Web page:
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    A nnual R epor t 2006 Requests and Invitations Throughout the year, BONELA received and accepted • A networking meeting of organisations working on HIV numerous invitations from various organisations and groups and human rights held in Toronto, Canada, organized by requesting BONELA’s input in the form of presentations, the Canadian AIDS Legal Network; capacity building, education, training and expert commentary in relation to HIV/AIDS, ethics, law and human • An International Video Fair to present on human rights rights. and disclosure; BONELA appeared at: • BP Botswana presenting on HIV/AIDS and employment • The Ministry of Agriculture giving a presentation on to Franchise Owners and Managers; inheritance laws; • The Botswana Police Quartermaster Division presenting • The Nkaikela Youth Group stakeholders workshop on law and HIV/AIDS at the Reproductive Health and presenting on HIV/AIDS and the law; AIDS Education seminar; • The Kagiso Women’s Shelter participating in a workshop • Orapa, Jwaneng and Letlhakane Mines to conduct to comment on the draft of the Domestic Violence Bill; awareness raising workshops for health care providers; • The Department of Social Services to sit in a reference • The Botswana Baylor’s Centre of Excellence to train group on the amendment of the Children’s act; health care workers on ethics, law and HIV/AIDS; and • A NACA consensus workshop on the National Policy on • The World University Service of Canada (WUSC, HIV/AIDS; Gaborone) to present on ethics, law and HIV/AIDS to Batswana and Canadian Students participating in a • A Southern African Treatment Literacy and Advocacy 2006 Student Seminar. Summit in Johannesburg to present on treatment conditions in Botswana; • A networking forum on people with disabilities in Otse Village; • A meeting at the ‘Centre for the Study of AIDS’ in, Johannesburg, South Africa to discuss a study on gender and HIV undertaken in Botswana; • An ARASA regional ‘trainer of trainers’ workshop on human rights and HIV; • A local DMSAC to conduct a workplace policy development workshop; • A partnership forum organized by Global Fund to fight TB, HIV/AIDS and Malaria in Durban, South Africa; • A high level policy meeting organized by NACA and UNAIDS to set 2010 targets and mid-term targets for Botswana; 23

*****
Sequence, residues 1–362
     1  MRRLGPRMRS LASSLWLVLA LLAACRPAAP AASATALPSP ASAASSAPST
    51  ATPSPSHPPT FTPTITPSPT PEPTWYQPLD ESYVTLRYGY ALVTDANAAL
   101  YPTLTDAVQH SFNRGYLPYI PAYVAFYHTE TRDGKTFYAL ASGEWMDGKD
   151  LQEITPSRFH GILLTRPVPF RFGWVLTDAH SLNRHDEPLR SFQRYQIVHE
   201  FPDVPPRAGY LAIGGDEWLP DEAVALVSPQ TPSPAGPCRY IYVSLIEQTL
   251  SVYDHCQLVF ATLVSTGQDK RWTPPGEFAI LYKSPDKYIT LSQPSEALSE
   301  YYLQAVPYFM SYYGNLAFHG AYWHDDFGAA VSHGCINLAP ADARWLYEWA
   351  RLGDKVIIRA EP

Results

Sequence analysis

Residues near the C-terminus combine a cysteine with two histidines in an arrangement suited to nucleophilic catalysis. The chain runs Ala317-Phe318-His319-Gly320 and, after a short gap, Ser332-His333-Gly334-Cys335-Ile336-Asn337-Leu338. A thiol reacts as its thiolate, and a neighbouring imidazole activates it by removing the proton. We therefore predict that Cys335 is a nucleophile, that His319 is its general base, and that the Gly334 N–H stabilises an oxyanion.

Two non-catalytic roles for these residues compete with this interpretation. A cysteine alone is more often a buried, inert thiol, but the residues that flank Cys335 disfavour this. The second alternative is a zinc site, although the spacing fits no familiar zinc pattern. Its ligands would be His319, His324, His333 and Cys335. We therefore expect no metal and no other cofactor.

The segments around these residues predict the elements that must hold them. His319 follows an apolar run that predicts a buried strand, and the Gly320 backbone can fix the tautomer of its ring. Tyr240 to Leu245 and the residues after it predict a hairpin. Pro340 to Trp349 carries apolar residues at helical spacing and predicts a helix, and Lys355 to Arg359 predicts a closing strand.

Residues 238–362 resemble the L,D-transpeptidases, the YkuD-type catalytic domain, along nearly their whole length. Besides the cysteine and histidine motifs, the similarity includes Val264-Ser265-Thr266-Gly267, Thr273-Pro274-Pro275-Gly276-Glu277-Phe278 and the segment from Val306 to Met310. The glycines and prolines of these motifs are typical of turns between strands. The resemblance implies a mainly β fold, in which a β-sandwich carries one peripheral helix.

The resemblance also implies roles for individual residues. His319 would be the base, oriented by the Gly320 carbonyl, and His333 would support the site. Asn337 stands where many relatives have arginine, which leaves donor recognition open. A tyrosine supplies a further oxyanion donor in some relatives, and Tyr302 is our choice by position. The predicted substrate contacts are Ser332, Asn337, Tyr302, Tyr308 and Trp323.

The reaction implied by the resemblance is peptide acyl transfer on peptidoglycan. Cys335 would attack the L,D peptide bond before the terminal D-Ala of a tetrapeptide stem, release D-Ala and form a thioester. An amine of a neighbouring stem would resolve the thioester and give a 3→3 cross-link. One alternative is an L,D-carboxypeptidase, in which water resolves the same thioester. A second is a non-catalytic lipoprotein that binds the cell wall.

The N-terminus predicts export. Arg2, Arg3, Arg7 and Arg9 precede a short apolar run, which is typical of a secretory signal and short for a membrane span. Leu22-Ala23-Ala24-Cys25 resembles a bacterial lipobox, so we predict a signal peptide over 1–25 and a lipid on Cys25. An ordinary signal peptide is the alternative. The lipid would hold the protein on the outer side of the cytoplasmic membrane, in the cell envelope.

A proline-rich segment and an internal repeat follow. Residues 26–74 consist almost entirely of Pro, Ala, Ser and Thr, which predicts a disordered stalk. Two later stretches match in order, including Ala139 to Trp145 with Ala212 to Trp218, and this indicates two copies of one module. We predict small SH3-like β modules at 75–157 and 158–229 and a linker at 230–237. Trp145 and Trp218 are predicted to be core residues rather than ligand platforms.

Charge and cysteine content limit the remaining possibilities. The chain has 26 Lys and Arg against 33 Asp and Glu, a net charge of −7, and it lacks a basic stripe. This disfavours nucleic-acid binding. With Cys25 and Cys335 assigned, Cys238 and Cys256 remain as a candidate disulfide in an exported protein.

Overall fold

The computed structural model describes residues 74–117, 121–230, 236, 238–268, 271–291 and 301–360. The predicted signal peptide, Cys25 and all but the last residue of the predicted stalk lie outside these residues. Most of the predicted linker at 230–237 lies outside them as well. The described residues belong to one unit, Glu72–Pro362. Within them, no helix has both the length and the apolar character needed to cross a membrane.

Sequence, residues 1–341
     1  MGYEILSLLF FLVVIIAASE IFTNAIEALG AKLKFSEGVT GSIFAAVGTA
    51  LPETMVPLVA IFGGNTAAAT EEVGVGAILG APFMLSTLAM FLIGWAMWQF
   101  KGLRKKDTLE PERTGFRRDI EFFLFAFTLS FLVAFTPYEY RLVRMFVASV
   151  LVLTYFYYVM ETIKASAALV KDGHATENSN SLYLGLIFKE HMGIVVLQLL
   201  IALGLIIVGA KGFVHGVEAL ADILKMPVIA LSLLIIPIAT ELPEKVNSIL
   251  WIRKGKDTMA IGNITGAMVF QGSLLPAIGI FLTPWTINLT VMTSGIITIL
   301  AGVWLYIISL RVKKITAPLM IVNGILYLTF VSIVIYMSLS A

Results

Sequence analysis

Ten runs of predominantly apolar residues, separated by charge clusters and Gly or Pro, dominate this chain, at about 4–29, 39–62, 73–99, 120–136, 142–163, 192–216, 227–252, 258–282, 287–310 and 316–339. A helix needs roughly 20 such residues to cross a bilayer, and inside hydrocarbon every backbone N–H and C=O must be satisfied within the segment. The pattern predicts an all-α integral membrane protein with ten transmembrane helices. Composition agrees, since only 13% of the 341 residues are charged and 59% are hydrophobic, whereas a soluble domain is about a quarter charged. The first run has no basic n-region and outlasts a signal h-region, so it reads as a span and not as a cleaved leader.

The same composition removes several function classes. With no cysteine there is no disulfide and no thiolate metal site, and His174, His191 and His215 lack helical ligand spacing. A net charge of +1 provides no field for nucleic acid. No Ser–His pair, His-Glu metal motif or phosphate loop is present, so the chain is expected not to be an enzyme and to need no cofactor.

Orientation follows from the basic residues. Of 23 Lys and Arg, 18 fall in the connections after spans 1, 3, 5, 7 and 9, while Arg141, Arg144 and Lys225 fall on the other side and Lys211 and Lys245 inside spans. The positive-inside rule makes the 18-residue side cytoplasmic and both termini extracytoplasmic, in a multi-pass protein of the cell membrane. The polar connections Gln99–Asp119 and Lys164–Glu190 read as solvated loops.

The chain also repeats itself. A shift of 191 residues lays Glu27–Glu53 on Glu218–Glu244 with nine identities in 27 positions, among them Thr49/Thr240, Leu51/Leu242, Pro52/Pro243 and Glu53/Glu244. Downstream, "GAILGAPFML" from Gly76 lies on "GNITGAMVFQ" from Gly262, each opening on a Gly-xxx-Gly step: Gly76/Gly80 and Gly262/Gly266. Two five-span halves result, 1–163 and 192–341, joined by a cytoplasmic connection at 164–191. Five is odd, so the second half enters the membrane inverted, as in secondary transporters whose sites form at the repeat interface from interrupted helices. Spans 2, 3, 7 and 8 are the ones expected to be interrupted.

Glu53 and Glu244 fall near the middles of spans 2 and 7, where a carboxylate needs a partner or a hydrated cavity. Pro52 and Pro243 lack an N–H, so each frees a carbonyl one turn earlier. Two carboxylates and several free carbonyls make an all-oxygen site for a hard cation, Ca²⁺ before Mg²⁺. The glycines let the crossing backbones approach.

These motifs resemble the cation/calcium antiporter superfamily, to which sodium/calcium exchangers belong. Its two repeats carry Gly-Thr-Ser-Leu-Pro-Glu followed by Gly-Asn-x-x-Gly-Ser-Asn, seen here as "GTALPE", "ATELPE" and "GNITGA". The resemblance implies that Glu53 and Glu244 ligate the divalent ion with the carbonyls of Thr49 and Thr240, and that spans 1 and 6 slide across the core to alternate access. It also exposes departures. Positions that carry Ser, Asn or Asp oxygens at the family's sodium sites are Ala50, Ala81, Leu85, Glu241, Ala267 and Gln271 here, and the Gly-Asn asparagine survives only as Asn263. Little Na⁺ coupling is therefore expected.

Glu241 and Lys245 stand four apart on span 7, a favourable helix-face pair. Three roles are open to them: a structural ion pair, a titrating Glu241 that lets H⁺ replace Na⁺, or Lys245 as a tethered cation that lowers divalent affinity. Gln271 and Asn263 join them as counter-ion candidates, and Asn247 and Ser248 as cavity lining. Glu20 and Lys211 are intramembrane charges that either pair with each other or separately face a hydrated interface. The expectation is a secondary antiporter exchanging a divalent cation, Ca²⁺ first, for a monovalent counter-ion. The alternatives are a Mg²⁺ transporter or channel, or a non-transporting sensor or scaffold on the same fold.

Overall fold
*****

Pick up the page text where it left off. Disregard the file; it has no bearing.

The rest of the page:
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    A nnual R epor t 2006 Participation in External Committees BONELA’s staff served as members in the following international and national committees during 2006: National: • National AIDS Council - Director • Country Coordinating Mechanism - Director • Technical Advisory Committee of Makgabaneng radio serial drama - a behavioural-change radio drama supported by the Botswana-United States Partnership which seeks to guide the creative direction of the program - Program Officer. • Community Education Board (CEB) for the Tshepo Study, a Botswana Harvard Partnership (BHP) study into Anti- Retroviral Combination Treatment in Adults. The CEB aims to raise awareness around the study and its findings - Program Officer. • Community Advisory Committee for the TDF2 trial - Program Officer. • Reference group for the review of the Children’s Act which is spearheaded by the Ministry of Local Government and UNICEF - Program Officer. • Legal Policy Group of the Parliamentarians for Women’s Health Project which is situated at the Botswana National Assembly - BONELA’s Director is Chairperson of this group. • BONASO Country Advisory Team for its Advocacy and Policy Programme - Program Officer. • Ministry of Labour and Home Affairs – Advisory Board for the ILO/USDOL HIV/AIDS Workplace Education Project - Program Officer. • Botswana HIV/AIDS Partnership Forum - Director. International: • AIDS and Rights Alliance for Southern Africa (ARASA) - The Director was elected the Chairperson of the ARASA board of trustees in September 2006. • Southern Africa HIV and AIDS Information Dissemination Service (SAfAIDS) Regional Advisory Board - Director. 25